The vantage on the arch permits a clear view of the setback arrangement of the tower of the hotel beyond. The dominance of the most famous American architectural form, the skyscraper, (reinforced by Palmer’s celebration of the completion of the Empire State Building) suggests Palmer’s ultimate loyalty. He includes the arch for its beauty, but the distinctively American skyscraper for its overpowering size and power. His sympathy lies with his American contemporaries excited by their new vision of the twentieth-century city.

Another aspect of the work of particular concern to the artist was the relation of the angled placement of the panels (enabling it to stand free) to the action within the painting. As arranged by the artist, the screen’s outer panels should be angled toward the viewer. Thus the woman on the left could more easily walk by the couple standing in the second panel, instead of colliding with them as is suggested when the screen is flattened. Above this striding woman, the sinuous linear curves of a leafless tree knit the first panel to the second. Below her, the position of the terrier, the angle of its protective gaze, and the pattern in the paving relate the first panel to the complementary angle of the second panel.

As the second panel recedes from the viewer, so does the scene. The physical recession at the middle of the screen is matched by the most recessed part of the image: the deep perspectival rendering of the length of Fifth Avenue. The circular fountain, fence, and curb accented by the flowering plant in the foreground, as well as the height of the hotel in the background, bring the viewer forward away from the depth of the avenue. This circularity is accentuated at the right side by the angled path of the bus in the background and the two striding women in the foreground, whose path leads back into the scene. The axis created by the fountain almost acts like a carousel, relating the figures on the right and left in a dynamic unity.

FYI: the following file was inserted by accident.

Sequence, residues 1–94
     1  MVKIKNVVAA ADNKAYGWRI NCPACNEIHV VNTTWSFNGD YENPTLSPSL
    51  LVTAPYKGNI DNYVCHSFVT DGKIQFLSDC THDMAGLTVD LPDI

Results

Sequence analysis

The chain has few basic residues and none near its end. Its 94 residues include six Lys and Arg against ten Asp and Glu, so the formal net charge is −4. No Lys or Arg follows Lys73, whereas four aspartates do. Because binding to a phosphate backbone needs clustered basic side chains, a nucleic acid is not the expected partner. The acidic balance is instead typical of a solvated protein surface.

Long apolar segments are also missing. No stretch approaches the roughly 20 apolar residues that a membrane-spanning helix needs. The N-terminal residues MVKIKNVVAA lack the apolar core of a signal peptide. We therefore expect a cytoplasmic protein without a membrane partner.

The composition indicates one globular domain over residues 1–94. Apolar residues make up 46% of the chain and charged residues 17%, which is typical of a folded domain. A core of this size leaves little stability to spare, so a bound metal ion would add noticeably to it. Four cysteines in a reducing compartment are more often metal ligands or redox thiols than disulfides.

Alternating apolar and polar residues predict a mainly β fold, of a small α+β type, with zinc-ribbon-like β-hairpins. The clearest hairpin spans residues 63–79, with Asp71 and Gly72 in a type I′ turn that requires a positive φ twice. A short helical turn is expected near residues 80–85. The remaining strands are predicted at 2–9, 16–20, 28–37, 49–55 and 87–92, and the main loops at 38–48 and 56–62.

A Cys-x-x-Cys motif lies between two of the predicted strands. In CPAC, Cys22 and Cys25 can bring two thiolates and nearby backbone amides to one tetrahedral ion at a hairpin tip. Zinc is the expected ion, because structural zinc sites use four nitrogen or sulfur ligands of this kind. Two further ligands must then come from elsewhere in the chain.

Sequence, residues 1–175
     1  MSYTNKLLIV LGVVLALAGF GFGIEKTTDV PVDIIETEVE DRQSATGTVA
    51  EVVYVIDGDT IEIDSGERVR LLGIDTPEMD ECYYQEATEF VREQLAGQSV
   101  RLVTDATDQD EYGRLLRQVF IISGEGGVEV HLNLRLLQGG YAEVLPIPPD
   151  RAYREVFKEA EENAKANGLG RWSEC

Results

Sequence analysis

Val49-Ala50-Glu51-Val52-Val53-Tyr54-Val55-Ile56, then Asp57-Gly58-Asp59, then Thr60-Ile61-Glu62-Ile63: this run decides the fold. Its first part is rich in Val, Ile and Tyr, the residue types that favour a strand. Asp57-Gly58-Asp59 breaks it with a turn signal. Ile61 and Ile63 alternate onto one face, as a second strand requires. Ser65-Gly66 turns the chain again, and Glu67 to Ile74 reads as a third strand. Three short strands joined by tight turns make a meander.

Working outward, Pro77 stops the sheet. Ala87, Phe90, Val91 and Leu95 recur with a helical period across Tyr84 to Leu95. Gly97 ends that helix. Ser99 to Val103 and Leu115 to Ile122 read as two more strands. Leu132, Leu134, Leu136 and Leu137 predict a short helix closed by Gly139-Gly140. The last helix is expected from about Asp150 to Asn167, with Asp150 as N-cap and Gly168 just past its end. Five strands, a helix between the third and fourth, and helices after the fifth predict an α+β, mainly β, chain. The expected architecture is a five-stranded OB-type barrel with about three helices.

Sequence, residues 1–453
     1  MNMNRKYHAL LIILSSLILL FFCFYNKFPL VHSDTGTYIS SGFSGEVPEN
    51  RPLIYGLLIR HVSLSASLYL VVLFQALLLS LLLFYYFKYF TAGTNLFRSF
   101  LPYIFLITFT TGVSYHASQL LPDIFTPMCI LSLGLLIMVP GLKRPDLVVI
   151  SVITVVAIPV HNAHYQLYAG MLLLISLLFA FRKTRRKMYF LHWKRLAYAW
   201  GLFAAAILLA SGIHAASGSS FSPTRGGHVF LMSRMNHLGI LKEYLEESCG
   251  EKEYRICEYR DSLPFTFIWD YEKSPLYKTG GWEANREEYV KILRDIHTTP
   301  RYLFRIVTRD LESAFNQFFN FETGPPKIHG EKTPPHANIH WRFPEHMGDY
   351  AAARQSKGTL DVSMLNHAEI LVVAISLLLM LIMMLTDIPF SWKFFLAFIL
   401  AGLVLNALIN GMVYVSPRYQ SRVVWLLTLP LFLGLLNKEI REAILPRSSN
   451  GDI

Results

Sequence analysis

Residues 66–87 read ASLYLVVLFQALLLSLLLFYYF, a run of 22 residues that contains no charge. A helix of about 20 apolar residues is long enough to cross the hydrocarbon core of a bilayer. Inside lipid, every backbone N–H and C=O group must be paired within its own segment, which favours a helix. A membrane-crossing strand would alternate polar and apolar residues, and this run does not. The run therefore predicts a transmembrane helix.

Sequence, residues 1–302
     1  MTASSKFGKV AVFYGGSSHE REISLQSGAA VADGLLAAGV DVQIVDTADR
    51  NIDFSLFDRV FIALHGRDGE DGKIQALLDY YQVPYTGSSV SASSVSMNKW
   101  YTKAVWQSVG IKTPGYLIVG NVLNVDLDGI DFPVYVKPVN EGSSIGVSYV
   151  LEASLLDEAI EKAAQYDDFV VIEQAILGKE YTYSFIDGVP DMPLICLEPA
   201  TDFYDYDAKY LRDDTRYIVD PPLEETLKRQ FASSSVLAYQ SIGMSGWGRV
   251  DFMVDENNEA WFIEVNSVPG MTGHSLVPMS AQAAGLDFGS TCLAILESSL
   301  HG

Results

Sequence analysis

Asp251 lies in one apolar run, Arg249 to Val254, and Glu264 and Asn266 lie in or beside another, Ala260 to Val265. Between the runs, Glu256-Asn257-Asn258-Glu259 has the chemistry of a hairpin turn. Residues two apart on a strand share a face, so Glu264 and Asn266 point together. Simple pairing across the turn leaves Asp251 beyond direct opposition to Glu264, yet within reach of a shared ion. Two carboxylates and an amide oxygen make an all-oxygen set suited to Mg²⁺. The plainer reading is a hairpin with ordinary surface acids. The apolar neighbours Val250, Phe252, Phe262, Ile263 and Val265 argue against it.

1. An illustration of this screen is in the William C. Palmer papers in the archives of the Daniel Burke Library, Hamilton College, Clinton, N.Y.

2. This inventory is in the curatorial files of the Munson-Williams-Proctor Institute Museum of Art. Also found in his studio were Janet W. Adams’s book Decorative Folding Screens (New York: Viking Press, 1982), and vol. 17, no. 2 of the American Art Journal, which featured on the cover a photograph of Thomas W. Dewing’s screen, Morning Glories, 1900 (Museum of Art, Carnegie Institute).

3. Howard D. Spencer, William Palmer: A Retrospective, exhibition catalog (Wichita, Kans.: Wichita Art Museum, 1986), p. 6.

4. Conversation with the author, July 1987.


Presumed copyright: the artist or the artist's representative/heir(s).